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Security Costs E-Commerce $2 Billion in '06
Nearly half of U.S. adults have concerns about shopping online and distrust email, causing problems for companies that interact with customers via the Internet.
Posted Nov 30, 2006
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E-commerce sales have once again experienced consistent revenue increases. But today, the 19th annual International Computer Security Day, when security professionals raise awareness of computer and network related security issues, Gartner has revealed that recent security breaches (both online and offline) are having a significant impact on buying patterns of U.S. adults. Due to consumer's concerns about the security of the Internet, nearly $2 billion in U.S. e-commerce sales will be lost in 2006, according to Gartner's survey of 5,000 online U.S. adults in August 2006. Approximately $913 million in 2006 e-commerce sales was lost because of security concerns among online shoppers. Another potential $1 billion was lost from shoppers who refuse to shop online because of security concerns. Nearly half of online U.S. adults, or 46 percent of more than 155 million people, say that concerns about theft of information, data breaches, and/or Internet-based attacks have affected their purchasing payment, online transaction, or email behavior. Of all the behaviors affected, online commerce (including online banking, online payments, and online shopping) is suffering the highest toll. "Financial institutions and other e-commerce service providers need to beef up security in their online channel to retain customers, but they must be careful to keep the added measures relatively convenient," says Avivah Litan, vice president and distinguished analyst at Gartner. Gartner recommends that enterprises employ a two-prong strategy--increasing consumer confidence while reducing fraud and keeping the crooks out. "The two goals don't necessarily call for the same technical solutions since the most effective fraud prevention applications are often invisible to consumers and criminals," Litan says. "A layered approach to solving security problems is the most effective. Companies should implement back-end fraud detection, stronger user authentication (beyond single factor passwords), transaction verification for high-risk transactions, and data masking/truncation of sensitive data that is shown on Web-based screens."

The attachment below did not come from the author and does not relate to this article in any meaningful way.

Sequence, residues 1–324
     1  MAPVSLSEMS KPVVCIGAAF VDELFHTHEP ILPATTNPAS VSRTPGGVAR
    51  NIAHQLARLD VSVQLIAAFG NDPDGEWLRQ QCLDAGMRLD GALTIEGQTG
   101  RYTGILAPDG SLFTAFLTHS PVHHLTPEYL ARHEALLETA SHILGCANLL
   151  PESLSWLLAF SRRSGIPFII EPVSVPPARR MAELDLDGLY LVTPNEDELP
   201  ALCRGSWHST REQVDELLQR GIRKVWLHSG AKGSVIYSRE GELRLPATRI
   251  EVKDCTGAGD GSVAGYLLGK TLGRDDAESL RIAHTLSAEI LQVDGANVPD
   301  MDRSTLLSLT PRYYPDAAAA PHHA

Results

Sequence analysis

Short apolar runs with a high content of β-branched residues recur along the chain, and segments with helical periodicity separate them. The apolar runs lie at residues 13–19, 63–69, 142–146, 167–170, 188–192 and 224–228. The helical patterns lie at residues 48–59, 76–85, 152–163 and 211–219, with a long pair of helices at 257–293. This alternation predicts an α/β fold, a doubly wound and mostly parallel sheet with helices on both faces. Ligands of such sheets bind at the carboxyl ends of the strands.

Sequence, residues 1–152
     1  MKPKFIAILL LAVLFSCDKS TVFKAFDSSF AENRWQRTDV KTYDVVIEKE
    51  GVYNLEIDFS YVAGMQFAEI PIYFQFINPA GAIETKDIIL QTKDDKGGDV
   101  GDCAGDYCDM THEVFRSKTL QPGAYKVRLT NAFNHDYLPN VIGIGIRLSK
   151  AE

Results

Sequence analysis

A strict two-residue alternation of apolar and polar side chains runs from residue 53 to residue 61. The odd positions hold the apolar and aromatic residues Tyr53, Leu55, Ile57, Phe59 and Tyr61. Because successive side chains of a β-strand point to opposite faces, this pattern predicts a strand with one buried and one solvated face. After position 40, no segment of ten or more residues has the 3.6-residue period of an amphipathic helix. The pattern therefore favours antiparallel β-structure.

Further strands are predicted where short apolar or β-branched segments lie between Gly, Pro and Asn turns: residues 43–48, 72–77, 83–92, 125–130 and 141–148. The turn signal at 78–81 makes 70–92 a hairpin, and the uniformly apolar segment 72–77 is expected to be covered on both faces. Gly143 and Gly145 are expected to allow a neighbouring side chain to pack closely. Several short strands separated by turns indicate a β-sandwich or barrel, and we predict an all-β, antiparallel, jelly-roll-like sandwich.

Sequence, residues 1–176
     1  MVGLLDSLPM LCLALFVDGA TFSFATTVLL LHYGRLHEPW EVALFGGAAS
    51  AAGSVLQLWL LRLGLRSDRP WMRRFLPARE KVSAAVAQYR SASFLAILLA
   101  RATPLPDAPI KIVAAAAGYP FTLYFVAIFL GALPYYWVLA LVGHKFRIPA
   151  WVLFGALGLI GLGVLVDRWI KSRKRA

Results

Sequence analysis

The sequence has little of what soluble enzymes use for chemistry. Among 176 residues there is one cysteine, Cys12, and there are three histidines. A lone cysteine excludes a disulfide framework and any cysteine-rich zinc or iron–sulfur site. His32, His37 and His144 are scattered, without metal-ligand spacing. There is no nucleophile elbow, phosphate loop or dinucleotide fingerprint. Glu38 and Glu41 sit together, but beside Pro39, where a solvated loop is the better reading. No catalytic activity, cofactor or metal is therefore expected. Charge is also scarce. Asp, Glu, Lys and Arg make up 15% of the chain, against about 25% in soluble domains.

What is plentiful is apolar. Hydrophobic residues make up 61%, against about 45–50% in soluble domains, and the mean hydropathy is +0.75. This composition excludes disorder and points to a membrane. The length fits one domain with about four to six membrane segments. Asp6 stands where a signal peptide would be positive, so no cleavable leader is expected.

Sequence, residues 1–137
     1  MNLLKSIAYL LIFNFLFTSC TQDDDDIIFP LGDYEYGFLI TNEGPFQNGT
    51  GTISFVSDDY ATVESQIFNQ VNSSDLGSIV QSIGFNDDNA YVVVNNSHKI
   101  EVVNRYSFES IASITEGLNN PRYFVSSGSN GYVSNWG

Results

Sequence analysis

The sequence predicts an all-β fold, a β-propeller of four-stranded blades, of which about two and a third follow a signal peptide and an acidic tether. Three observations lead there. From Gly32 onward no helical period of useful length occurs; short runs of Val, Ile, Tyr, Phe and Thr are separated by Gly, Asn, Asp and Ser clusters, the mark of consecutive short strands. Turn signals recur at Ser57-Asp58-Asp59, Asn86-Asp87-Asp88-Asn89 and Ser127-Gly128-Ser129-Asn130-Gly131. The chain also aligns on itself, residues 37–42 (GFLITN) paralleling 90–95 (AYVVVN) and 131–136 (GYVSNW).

Gartner estimates that these security concerns have kept approximately 33 million U.S. adults from banking online. According to the survey, nearly 9 million U.S. adults have stopped online banking altogether, while another estimated 23.7 million won't start because of their security concerns. Perhaps the biggest impact is a newfound and serious consumer distrust of email. About 70 percent of online consumers whose behavior has been affected by recent security incidents say that their concerns have affected their trust in email from companies or individuals they don't know personally. Of these, more than 85 percent delete suspect mail without opening it. "This figure has serious implications for banks and other companies that want to use the email channel to communicate more cost-effectively with their customer base," Litan says. "For example, sending a bill electronically costs about half of what it costs to send that same bill through the regular mail." Related articles: Phishing For Trouble IT Security Will Become More Proactive
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